Friday, 13 May 2016

Protect your family from getting into hot water with a TMV

When it comes to the issue of safety in the home, household water systems can sometimes present a bit of a catch 22 situation. In order to kill legionella and other bacteria, hot water must be heated to a temperature of 60 degrees or above before use. However, such a high temperature brings a different danger in the form of scald injuries. Although well known to any plumber worth his salt, there is still a prevailing lack of awareness amongst consumers of the importance of Thermostatic Mixing Valves (TMVs) in preventing dangerous scalds from baths, taps and showers so we've dedicated this week's blog post to giving you all the information you need about these potentially lifesaving devices.

Every year, almost 600 people in the UK suffer the effects of severe scalding injuries and 3/4 of these victims are under three years old. As well as children, the disabled and the elderly are groups deemed to be particularly at risk of scalding and therefore even more able to benefit from the installation of  TMV in their homes. Not only is recovering from scalding an extremely painful process, treating a scald also costs an estimated £250,000 across a person's lifetime.

Since 2010, it has been mandatory for plumbers to install thermostatic mixing valves (TMVs) in household baths in England and Wales, however, this only applies to new build homes. TMVs help to prevent against scalding injuries by blending hot and cold water to ensure that water comes out of the tap at a safe temperature - for bath water this is normally a maximum temperature of 46 degrees). Most TMVs also have a failsafe mechanism so that in the event that the cold water supply fails, the valve will close off, protecting the user from any scalding water and alerting them to a problem. If possible, ask for the TMV to be incorporated directly into the tap fitting as mixing at the outlet helps to prevent against the risk of legionella.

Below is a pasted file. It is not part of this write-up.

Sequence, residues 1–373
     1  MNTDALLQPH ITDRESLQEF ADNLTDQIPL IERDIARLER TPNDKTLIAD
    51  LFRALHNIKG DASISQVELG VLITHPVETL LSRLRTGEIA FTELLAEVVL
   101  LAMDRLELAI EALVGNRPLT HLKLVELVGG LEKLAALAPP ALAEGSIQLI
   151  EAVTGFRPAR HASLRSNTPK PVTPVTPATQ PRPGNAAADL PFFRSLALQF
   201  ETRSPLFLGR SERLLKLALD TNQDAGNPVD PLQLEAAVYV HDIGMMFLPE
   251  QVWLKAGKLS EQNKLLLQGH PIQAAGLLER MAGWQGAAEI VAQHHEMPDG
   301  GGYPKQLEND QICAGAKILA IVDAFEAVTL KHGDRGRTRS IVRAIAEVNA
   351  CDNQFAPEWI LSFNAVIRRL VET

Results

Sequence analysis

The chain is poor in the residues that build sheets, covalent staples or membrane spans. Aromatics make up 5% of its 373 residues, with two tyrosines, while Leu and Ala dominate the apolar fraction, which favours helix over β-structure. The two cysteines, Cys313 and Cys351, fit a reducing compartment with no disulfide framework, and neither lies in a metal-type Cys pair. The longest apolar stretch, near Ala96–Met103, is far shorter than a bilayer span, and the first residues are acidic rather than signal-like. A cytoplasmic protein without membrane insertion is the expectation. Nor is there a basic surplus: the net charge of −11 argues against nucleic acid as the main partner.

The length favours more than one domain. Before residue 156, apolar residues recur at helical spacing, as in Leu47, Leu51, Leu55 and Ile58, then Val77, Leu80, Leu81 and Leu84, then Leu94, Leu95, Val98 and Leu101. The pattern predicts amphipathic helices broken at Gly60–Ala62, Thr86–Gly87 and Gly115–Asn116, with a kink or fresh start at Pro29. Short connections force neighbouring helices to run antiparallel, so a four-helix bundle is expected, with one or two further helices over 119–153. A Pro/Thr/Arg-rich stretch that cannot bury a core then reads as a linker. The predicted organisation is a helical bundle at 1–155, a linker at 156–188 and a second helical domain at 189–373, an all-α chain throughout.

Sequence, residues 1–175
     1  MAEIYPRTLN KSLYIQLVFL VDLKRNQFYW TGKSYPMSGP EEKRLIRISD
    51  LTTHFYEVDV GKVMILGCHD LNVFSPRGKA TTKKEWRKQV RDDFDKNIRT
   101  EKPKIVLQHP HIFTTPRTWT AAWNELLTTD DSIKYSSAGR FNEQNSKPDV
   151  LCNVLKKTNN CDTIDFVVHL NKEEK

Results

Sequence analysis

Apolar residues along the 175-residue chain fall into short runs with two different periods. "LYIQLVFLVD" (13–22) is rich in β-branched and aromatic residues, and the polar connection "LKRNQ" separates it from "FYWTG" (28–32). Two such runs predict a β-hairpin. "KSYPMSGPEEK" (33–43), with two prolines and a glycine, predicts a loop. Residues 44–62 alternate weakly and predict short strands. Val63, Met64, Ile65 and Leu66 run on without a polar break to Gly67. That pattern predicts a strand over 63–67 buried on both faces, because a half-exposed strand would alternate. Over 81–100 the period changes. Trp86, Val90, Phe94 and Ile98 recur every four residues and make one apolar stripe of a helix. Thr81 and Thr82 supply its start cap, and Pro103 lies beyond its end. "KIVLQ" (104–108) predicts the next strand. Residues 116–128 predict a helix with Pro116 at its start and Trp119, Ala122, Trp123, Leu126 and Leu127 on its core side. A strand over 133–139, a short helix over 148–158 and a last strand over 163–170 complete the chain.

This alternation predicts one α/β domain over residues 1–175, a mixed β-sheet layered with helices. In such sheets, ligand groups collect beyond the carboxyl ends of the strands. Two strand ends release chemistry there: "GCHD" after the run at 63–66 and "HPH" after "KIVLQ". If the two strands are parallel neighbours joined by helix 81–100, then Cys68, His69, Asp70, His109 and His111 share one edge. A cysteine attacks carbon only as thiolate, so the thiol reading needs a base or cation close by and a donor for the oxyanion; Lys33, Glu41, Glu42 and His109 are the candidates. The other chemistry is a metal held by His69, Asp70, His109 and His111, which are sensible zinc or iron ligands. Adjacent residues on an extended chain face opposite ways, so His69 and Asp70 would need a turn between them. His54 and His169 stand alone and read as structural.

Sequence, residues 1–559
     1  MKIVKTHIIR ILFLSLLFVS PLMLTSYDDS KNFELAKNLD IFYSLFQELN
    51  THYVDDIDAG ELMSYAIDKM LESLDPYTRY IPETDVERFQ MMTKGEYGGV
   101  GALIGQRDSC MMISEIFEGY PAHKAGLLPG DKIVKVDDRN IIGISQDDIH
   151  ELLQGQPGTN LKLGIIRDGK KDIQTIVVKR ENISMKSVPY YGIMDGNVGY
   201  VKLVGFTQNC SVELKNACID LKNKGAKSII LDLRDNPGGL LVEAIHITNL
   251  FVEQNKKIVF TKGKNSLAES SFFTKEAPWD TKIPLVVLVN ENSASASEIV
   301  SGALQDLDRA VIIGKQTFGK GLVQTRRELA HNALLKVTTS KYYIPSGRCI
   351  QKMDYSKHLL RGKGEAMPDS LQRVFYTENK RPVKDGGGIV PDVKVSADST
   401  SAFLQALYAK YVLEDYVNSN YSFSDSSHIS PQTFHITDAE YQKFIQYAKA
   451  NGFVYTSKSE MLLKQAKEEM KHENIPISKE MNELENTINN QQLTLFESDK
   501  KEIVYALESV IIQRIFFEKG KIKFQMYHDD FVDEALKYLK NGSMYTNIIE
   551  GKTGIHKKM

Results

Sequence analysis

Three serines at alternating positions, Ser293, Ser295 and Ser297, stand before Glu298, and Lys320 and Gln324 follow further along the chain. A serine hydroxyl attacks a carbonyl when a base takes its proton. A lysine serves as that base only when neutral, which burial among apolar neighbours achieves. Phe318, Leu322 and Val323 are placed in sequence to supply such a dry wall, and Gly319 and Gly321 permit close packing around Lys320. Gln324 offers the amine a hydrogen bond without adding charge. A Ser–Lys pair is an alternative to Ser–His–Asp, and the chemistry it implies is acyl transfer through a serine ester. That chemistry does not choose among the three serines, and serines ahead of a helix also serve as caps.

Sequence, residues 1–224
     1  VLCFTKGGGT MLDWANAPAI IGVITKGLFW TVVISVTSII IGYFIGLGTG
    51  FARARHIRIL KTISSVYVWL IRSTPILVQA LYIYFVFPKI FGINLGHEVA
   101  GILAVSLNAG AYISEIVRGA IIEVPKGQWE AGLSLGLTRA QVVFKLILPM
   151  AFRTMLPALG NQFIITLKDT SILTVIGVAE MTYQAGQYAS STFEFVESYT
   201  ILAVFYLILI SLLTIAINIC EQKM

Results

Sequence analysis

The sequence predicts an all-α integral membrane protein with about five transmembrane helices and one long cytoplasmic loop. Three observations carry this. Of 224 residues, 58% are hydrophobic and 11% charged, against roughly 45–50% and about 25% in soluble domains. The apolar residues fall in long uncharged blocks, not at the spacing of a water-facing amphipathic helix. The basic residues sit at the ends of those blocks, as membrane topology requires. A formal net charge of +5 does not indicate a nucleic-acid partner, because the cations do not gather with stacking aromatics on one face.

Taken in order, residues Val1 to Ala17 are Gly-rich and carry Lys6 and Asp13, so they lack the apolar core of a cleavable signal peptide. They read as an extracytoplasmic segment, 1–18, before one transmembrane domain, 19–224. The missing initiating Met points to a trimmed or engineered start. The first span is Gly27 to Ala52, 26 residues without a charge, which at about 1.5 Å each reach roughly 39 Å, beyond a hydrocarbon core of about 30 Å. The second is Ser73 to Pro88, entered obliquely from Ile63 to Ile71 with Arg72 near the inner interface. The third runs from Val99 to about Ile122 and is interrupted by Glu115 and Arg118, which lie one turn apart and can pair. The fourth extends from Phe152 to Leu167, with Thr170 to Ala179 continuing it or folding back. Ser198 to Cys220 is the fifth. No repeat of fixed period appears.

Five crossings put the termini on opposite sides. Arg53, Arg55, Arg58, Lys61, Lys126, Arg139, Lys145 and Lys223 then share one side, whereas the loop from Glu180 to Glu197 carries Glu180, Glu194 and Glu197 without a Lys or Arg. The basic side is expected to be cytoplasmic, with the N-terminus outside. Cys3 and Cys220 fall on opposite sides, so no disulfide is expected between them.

For complete peace of mind, it really is worth getting a TMV installed in your home. The risk is particularly high where whole body immersion occurs, such as in baths and showers, so TMVs should normally be fitted at these outlets. However, if you live with particularly vulnerable individuals such as the very young, very elderly or those with significant disabilities or sensory impairment, the devices should be fitted on hand washbasins and sinks too. Competent plumbing installers will be able to fit these for you, as well as answering any questions you may have. It's also important not to take an "install and forget" approach to TMVs! Quality Plumbers will be able to undertake necessary maintenance to ensure your device continues to keep your family safe from the devastating effects of scalding over time.

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